A Candida Passover Story

This Friday marks the beginning of the Jewish holiday Passover. The Passover Seder is the ritual of the last meal the Israelites ate in Egypt before the Exodus.

One of the main symbols of Passover is matzo – the unleavened bread the Israelites took with them in their rush to leave Egypt.

WHAT DOES PASSOVER HAVE TO DO WITH CANDIDA SENSITIVITY?

In our medical practice, we diagnose many cases of Candida overgrowth. We tend to see a lot of cases where candida symptoms are either overlooked or undiagnosed by other physicians.

Candida is very difficult to diagnose. It relies on the physician paying careful attention to the patient’s history and knowing what clues to look for that may point to Candida as the problem.

THE SIGNS

The main signs we look for are: chronic use of antibiotics, chronic use of acid reflux medications, use of the birth control pill and, of course, a person’s diet.

A diet heavy in processed sugars and carbohydrates can be one of the main reasons a person develops Candida sensitivity.

If you have been a regular customer at your local bagel store or pizza parlor this may apply to you.

CANDIDA OCCURS IN BOTH WOMEN AND MEN.

In medicine, we tend to think of Candida as a female medical problem because of its clear association with vaginitis.

However, we also see a large population of men who present with stomach problems, sinus conditions and skin rashes–potential symptoms of candida.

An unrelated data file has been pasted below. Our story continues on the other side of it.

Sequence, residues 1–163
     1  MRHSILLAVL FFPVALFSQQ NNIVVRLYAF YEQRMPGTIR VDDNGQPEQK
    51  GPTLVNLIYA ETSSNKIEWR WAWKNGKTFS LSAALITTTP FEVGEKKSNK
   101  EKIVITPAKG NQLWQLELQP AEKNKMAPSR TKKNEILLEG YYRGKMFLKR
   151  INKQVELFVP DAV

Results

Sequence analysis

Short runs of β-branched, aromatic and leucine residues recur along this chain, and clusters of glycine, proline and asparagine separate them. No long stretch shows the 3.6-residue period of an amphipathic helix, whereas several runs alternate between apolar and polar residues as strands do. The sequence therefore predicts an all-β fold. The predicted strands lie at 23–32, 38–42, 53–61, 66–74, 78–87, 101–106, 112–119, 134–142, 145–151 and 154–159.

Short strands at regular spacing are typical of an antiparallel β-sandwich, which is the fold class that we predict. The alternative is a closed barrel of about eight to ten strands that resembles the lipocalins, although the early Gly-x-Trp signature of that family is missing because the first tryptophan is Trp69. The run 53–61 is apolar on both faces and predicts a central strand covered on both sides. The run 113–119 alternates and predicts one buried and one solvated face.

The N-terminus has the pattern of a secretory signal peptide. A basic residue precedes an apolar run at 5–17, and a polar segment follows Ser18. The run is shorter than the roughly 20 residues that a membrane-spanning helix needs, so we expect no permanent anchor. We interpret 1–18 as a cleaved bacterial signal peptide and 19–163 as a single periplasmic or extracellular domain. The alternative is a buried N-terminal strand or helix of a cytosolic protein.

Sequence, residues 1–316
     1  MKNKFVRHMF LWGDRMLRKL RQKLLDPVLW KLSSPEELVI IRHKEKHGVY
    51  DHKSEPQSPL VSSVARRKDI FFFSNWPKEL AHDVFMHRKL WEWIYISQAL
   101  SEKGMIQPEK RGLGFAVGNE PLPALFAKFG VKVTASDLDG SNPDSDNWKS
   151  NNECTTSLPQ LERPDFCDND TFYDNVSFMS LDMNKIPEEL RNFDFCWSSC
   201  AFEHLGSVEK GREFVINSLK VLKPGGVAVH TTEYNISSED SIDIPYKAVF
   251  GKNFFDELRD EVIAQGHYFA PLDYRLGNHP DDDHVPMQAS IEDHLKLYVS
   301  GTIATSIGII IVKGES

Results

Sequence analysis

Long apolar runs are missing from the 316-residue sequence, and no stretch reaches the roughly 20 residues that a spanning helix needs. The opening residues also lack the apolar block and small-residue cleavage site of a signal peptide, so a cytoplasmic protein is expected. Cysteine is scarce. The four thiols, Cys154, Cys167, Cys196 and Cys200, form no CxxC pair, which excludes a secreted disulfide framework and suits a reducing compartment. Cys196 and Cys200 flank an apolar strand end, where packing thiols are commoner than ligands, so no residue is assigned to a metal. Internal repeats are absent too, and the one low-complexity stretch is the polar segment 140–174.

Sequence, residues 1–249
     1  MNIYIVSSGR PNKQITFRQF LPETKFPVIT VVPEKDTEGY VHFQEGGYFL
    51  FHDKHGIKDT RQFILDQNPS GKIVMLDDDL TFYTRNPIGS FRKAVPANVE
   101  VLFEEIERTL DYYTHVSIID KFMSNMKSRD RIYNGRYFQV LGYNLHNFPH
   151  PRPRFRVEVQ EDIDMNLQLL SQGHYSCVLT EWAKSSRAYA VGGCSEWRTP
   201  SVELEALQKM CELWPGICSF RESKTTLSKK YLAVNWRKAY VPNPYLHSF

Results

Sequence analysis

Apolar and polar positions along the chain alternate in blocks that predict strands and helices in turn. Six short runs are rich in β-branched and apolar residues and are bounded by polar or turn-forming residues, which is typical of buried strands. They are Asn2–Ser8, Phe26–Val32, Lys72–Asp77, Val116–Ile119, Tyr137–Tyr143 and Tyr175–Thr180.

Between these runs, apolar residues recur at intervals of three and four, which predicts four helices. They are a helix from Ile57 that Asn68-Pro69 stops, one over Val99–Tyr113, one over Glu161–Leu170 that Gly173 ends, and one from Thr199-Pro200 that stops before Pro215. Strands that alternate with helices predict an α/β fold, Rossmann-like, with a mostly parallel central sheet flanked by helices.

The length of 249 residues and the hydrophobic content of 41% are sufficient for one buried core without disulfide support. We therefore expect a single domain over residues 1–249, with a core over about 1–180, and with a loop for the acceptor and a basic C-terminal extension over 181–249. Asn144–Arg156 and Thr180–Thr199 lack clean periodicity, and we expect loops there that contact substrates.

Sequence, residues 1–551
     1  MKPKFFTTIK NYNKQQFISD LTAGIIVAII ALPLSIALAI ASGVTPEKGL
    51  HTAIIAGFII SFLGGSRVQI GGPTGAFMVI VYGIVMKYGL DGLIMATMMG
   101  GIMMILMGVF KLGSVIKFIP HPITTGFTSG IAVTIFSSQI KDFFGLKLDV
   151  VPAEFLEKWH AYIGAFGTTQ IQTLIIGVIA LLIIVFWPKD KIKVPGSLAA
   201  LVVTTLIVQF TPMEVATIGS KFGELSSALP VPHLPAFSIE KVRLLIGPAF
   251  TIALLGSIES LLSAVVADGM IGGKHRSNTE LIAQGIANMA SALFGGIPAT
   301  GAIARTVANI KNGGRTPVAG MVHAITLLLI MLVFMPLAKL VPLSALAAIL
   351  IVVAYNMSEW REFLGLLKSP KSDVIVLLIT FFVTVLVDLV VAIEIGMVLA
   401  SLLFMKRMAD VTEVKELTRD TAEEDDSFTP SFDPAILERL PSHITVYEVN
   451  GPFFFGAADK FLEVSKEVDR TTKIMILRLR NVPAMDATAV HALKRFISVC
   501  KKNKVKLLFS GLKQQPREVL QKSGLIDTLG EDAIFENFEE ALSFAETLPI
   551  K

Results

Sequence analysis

CONFIRMING CANDIDA

The best ways to confirm a Candida diagnosis is with a skin test we do to check for immediate hypersensitivity to the Candida organism.

Another way is by initiating treatment. We prescribe an anti-fungal medication along with diet changes for two weeks, and in this 2 week period we look for clinical improvement. If a patient responds, we offer ways to strengthen their immune system with sublingual Candida drops and specific probiotics.

THE PASSOVER AND CANDIDA CONNECTION

I previously had a female patient who came to me because of chronic digestive problems. She always felt bloated after meals and was frequently constipated.

She had seen several gastroenterologists over the years who prescribed laxatives and antacids. None of these helped her symptoms.

Her visit with me was just a few weeks before Passover and she happened to mention an important observation. She told me that she didn’t know why, but she always seemed to feel better the week of Passover when she didn’t eat bread or any non-Passover approved foods, such as pasta.

I paused for a moment and thought: this patient is either gluten sensitive or has Candida. Then she went a step further and told me she did eat matzo during Passover. This ruled out a gluten problem, as matzo is made from wheat. However, matzo is unleavened wheat meaning it has no yeast in it.

My next 2 steps were to do a mouth swab to check for gluten intolerance and the Candida skin test. Her Candida skin test was positive immediately and her gluten test came back negative the next week. The diagnosis was made: Candida sensitivity causing Irritable Bowel Syndrome.

WHAT HAPPENED

The patient didn’t have to live on matzo for life. Instead, we got her to follow a healthy, yeast-free diet. This diet consisted of lots of vegetables, lean meats and fish, and avoided as much processed carbohydrates and sugar as possible. Now she feels good not only during Passover, but throughout the whole year!

- Dr. Dean Mitchell
Mitchell Medical Group, NYC

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